Instrumentation for browser monitoring

For standard page load timing, sometimes referred to as real user monitoring (RUM), New Relic measures the overall time to load the entire webpage. Additional monitoring after page load provides details on in-page AJAX calls, JavaScript errors, and other events and interactions.

Browser monitoring can leverage the New Relic agent to dynamically inject JavaScript into pages as they are built, in order to collect more detailed back-end timing information. New Relic Browser can also monitor apps with single-page application (SPA) architectures.

Instrumentation to collect browser data

Access to some of these features depends on your subscription level.

To collect data, New Relic Browser uses JavaScript elements pasted or injected into your webpages, typically as part of the HEAD of the page, containing configuration details and essential browser environment instrumentation. Once the page finishes loading, an additional script is downloaded from a CDN server. This additional script processes the collected data and reports it back to New Relic via so that you can see the data in your New Relic account.

The script elements can be injected automatically or via the New Relic agent API by an APM agent installed in the back-end application, or they can be inserted manually via copy/paste. Both API calls and the copy/paste method allow you to control when and where the script elements are inserted.

The New Relic JavaScript uses these methods to collect the page load timing information:

Method Collecting page load timing information
Browsers with Navigation Timing Specification API

For browsers that implement the Navigation Timing Specification API, page load timing information is read from the browser and reported to New Relic by the browser agent. The appropriate values simply are read from the webpage's performance timing object to capture the timing information.

  • Navigation start: navigationStart
  • First byte: responseStart
  • DOM ready: DOMContentLoadedEventEnd
  • Page ready: loadEventEnd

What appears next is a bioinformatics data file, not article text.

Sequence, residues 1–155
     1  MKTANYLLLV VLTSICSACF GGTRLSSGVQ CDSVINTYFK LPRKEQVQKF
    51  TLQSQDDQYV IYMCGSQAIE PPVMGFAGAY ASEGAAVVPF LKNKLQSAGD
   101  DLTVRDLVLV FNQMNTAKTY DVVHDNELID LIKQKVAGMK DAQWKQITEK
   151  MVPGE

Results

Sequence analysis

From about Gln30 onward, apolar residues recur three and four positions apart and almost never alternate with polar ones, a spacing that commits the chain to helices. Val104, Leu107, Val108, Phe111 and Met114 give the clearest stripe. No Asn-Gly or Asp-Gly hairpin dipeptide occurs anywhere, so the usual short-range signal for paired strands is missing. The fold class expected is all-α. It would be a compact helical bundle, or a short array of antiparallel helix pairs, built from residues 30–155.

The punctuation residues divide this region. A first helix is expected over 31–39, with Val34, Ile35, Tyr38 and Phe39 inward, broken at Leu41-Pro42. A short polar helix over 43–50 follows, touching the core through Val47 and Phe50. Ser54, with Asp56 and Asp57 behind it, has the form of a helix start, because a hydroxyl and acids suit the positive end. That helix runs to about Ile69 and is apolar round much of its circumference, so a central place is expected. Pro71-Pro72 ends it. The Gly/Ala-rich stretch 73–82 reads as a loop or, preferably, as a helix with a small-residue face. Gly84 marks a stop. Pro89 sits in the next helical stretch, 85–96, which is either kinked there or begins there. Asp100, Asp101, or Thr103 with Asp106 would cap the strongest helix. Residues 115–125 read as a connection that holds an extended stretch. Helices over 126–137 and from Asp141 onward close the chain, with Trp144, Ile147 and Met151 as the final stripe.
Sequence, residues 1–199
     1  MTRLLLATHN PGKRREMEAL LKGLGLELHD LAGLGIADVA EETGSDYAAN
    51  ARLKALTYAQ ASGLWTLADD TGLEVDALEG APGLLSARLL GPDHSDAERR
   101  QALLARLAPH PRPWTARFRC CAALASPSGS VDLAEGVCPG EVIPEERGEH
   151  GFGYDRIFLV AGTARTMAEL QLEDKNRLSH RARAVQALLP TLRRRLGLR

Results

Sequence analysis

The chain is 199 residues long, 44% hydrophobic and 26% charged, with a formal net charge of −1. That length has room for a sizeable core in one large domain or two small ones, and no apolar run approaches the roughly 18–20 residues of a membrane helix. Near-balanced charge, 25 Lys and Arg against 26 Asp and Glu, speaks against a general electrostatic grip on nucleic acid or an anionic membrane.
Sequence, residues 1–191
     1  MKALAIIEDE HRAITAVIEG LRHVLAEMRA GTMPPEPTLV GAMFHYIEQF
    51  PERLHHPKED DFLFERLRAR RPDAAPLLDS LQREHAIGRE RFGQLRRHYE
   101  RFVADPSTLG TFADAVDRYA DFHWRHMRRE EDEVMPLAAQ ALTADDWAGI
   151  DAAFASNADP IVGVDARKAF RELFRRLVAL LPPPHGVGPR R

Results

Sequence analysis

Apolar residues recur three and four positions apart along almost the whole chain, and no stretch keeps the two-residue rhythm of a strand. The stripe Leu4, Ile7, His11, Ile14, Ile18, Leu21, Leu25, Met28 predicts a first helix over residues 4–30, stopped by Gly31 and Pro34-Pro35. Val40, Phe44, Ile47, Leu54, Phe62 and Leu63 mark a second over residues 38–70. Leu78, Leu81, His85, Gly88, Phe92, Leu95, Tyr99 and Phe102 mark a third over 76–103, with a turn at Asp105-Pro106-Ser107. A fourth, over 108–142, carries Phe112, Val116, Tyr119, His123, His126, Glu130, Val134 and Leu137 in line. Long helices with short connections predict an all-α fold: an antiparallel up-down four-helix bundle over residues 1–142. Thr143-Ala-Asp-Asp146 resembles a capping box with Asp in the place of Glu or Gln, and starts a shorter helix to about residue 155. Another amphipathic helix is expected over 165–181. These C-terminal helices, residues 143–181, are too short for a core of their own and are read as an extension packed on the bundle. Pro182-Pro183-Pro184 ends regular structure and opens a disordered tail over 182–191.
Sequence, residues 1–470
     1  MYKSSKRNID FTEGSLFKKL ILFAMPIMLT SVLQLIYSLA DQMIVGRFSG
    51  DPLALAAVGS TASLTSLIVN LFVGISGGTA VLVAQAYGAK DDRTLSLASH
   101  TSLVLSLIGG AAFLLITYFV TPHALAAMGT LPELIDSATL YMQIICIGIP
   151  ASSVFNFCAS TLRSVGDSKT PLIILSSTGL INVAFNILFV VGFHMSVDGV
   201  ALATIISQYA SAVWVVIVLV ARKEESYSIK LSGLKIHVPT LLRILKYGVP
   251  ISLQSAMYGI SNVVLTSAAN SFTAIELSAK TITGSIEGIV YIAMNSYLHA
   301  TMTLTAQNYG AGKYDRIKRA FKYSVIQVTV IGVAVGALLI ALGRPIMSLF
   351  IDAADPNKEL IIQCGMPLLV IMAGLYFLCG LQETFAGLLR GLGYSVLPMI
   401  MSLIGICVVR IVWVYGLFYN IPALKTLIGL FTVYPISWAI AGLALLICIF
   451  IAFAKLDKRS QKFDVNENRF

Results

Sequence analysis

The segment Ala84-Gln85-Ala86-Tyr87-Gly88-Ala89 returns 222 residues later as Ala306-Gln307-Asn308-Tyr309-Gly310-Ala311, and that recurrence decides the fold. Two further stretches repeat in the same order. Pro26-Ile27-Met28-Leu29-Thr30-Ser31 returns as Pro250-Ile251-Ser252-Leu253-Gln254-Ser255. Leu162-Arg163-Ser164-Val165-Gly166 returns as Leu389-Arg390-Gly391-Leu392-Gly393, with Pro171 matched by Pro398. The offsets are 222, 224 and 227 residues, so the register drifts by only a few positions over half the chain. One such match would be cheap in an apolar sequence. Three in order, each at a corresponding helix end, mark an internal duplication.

Browsers without Navigation Timing Specification API

For browsers that do not implement the Navigation Timing Specification API, New Relic relies on the NREUM cookie and the browser agent to collect timing information.

Additional instrumentation

New Relic Browser also uses:

Resource Timing API

For browsers that implement the Resource Timing API, New Relic's Browser agent reads and reports session trace details.

Single page app (SPA) monitoring

For SPA monitoring, New Relic requires the Navigation Timing Specification API and the addEventListener API.

JavaScript placement requirements

Injecting the JavaScript inline in the HEAD is an unusual requirement for a JavaScript library, and different from how third-party scripts are typically included. New Relic requires this so that New Relic Browser provides accurate information without impacting page load performance.

The injected browser JavaScript elements wrap many of the browser's built in APIs to record information about JavaScript errors or callback timings. The unusual placement of the code element is necessary for the following reasons:

  • The inline HEAD placement ensures the instrumentation code is loaded before all other scripts so that wrapping will occur when other libraries are registered.
  • Inline code placement also eliminates the network round trips caused by externally referenced scripts.

Data transmission

For both https and http webpages, New Relic transmits data via https. This summarizes when the data is transmitted to and from the webpage.

New Relic requires support of the SHA256 hash function, which some older operating systems do not support. If an end user lacks SHA256, the Browser agent will not connect to New Relic and data will not be sent.

Data transmission Frequency
Fetch the agent script Once following page load via https
Send page load timing data Once following page load via https
Send AJAX and JavaScript error data Once per minute when there is activity via https
Send session trace data Every ten seconds when there is activity and a session trace is occurring via https
Send SPA data At the end of an interaction via https

For more help

For an example of how New Relic engineers used page load timing to improve our own app performance when developing New Relic Browser, read this blog post.

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